Sega Master System / Mark III / Game Gear
RASTAN SAGA • TAITO • £24 • IMPORT
The time for talking is over. Compromise is no longer an option. They’ve pushed you too far this time, and now they’re going to pay for it. The thugs, dweebs, nasal brains and ball-scratchers are running riot in the world of Semia, crushing all folk that stand in their way. While on the rampage, they happened to bump into the virgin princess of the kingdom, and with an enormous reputation for evil deeds, the geeks have kidnapped her and thrown her in the castle dungeons.
Luckily for the princess, you’ve always had a bit of a thing for her, so you wrap on your loin cloth, grab the nearest sword and set off on a treacherous journey to the kingdom’s castle. But the path you must take is not a simple one. Along the trail are untold horrors which the wastoids have dispatched to hinder you. Ready to slash?
No flash intro, no options, just one massive mythical romp through 18 levels of medieval mayhem. The game’s façade is a particularly deceptive one as it hides what is possibly the best arcade adventure on the Game Gear so far.
Your game starts in impressive fashion, with the sword-wielding hero dropping from the skies into the action. Behind him runs an impressive range of backgrounds, from snow and ice to fire and brimstone, each with atmospheric hazards such as icicles, rivers of flames and snakes.
The sprites make the most of the Gear’s colour capacity with attractive montages forming the backgrounds. The main character sprite is also incredibly facile and smooth. Sound is superb, with some of the best tunes and effects I’ve ever heard on the GG. The level tunes are questlike with high and low points reflecting where you are. For example, fanfares accompany you in the wilderness but down in the ice caves the music is eerie.
Speed is very important in Rastan Saga and it is surprising the difference in completion time of rounds. The first section can be finished in less than 30 seconds, while the sixth is a much longer, arduous task. This is an essential quality because after getting so far, you want to get back to the higher levels as quickly as possible. Luckily, the seven continues start you at the beginning of your present round.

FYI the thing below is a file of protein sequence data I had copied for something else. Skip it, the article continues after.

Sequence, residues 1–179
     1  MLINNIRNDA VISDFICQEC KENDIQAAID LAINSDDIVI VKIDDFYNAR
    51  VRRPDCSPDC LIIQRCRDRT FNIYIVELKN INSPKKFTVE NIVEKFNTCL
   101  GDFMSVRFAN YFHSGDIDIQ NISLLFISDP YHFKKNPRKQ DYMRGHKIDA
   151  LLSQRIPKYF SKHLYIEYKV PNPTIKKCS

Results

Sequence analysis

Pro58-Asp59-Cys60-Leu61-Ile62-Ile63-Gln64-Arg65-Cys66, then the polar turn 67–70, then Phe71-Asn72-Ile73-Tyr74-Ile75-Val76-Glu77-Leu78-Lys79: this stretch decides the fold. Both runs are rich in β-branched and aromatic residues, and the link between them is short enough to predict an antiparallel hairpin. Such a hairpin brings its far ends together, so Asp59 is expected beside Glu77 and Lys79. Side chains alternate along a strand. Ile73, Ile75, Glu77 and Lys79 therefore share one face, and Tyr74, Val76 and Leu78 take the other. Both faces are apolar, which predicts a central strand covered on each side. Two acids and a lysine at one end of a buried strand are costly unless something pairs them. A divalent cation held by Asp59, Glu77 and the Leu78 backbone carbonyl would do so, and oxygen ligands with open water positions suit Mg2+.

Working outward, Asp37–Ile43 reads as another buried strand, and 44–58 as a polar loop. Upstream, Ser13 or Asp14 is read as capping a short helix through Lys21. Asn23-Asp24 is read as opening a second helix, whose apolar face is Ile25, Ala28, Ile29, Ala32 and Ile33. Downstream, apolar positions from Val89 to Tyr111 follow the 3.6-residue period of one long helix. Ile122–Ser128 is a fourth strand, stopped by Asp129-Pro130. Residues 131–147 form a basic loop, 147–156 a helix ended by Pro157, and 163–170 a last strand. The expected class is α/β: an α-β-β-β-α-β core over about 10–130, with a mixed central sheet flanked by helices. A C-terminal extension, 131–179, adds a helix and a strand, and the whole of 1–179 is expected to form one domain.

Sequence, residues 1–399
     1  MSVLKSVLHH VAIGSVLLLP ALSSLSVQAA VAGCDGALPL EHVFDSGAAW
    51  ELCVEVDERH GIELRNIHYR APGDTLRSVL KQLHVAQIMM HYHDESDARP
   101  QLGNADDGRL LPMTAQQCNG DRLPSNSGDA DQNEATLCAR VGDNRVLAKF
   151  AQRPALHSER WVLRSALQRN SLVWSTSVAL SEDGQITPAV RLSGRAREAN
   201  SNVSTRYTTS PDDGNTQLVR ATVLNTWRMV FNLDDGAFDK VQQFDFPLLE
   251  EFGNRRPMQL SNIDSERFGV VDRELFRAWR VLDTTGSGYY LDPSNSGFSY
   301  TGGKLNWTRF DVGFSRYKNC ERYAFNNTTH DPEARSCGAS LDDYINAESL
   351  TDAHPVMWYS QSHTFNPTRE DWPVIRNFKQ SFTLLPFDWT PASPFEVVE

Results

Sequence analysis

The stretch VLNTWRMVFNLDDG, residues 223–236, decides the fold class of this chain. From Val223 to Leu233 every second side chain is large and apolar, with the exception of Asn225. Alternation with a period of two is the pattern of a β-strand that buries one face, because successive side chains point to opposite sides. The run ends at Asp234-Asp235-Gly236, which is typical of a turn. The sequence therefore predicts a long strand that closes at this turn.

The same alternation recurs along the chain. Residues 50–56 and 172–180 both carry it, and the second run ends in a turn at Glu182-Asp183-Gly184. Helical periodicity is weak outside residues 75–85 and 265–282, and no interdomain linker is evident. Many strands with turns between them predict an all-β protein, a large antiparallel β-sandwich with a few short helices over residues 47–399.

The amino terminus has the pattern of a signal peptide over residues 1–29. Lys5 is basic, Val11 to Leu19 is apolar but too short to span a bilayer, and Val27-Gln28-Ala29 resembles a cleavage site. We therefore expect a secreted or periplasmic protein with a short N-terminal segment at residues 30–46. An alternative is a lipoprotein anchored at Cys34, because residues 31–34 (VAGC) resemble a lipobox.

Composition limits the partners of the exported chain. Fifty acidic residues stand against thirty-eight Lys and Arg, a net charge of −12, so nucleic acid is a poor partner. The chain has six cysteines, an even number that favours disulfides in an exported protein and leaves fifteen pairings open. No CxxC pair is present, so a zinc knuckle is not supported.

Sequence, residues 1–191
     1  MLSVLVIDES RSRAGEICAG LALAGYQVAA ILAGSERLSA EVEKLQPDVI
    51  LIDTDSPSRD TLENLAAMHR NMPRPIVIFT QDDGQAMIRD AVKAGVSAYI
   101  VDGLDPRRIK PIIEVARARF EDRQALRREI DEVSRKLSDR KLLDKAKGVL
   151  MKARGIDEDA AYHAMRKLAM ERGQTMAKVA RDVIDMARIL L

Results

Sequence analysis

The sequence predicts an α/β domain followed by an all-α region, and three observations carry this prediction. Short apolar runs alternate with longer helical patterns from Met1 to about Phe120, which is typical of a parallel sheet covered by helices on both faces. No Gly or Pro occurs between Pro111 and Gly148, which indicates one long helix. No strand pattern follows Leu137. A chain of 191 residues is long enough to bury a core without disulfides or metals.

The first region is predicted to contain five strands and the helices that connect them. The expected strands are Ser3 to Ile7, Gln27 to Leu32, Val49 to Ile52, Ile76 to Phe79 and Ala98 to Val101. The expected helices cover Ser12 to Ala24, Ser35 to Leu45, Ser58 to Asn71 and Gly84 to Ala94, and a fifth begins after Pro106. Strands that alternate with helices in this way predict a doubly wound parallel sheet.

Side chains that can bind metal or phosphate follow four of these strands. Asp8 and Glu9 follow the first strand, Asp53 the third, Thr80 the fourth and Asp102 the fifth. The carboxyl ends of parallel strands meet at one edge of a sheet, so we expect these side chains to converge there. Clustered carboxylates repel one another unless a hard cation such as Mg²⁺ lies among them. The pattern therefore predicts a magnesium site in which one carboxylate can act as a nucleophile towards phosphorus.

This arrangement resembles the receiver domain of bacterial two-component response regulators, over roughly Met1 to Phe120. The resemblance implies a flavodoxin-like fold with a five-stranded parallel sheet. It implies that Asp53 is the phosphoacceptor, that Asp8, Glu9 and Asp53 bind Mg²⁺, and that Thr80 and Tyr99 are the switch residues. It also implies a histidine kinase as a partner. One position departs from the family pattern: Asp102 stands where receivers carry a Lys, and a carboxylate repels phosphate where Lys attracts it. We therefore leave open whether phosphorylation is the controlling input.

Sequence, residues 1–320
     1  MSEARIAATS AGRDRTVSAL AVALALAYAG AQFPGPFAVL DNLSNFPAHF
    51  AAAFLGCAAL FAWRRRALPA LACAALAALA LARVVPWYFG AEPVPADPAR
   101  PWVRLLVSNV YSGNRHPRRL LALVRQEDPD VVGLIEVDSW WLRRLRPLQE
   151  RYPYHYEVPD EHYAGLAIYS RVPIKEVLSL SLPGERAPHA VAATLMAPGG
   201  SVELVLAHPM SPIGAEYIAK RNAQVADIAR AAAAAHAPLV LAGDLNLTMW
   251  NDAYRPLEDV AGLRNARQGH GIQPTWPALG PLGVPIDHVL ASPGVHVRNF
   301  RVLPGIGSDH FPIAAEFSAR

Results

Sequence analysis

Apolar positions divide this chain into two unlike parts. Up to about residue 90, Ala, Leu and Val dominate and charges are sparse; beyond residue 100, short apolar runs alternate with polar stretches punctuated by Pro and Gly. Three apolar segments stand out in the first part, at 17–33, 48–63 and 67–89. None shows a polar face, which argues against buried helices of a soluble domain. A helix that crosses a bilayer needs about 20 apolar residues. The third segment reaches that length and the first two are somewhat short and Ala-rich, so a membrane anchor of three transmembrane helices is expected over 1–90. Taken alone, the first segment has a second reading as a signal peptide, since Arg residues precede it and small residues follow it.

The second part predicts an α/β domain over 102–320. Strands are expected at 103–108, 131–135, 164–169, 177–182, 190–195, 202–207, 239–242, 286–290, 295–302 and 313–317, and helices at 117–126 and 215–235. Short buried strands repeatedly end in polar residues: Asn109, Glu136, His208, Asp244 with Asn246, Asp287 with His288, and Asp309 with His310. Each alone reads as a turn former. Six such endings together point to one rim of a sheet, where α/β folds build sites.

Rastan Saga should keep the average gamesplayer entertained and compelled for quite some time. With 18 rounds of great graphics, impressive sound and a difficulty setting that’s spot on, it’s just a shame Sega haven’t picked this up for an official release.
To break the floor rocks, jump high, push down and press fire.
To kill the lion on level one, stand above it and keep thrusting downwards as it passes. The flaming sword is by far the best weapon followed by the axe. Jumping whilst pressing up and fire increases your reach.
Watch the demo for clues on where to go and what to pick up.
These items improve Rastan's fighting skills and provide points bonuses. The ring is the least effective followed by the staff and finally the cloak. The effects only last a short while, so pick up everything.
The axe, brain-biter, is fast and deadly. One swipe kills all.
The mace is less powerful but affords a longer reach.
Excaliber lets you burn enemies at a distance. Nice!
A heath potion replenishes Rastan's flagging energy. The fuller the bottle, the more good it does Rastan.
Beware of poison, it can take what little life you have left.
Shield, cloak and armour will protect Rastan. For a limited time our hero will be impervious to hostile blades and venom. Particularly useful against the level guardians.
A huge snarling lion lunges at your flesh intent on dismembering you. The level one guardian is easy to defeat once a system has been established.
Whooah, don't fall, it's a long way down. Our agile barbarian finds tackling trecherous logs over bottomless caverns all in a day's work.
Pausing for thought by an open archway, Rastan contemplates the horrors ahead in this bleak castle on level two.
Ras Tafari was the former emperor of Ethiopia.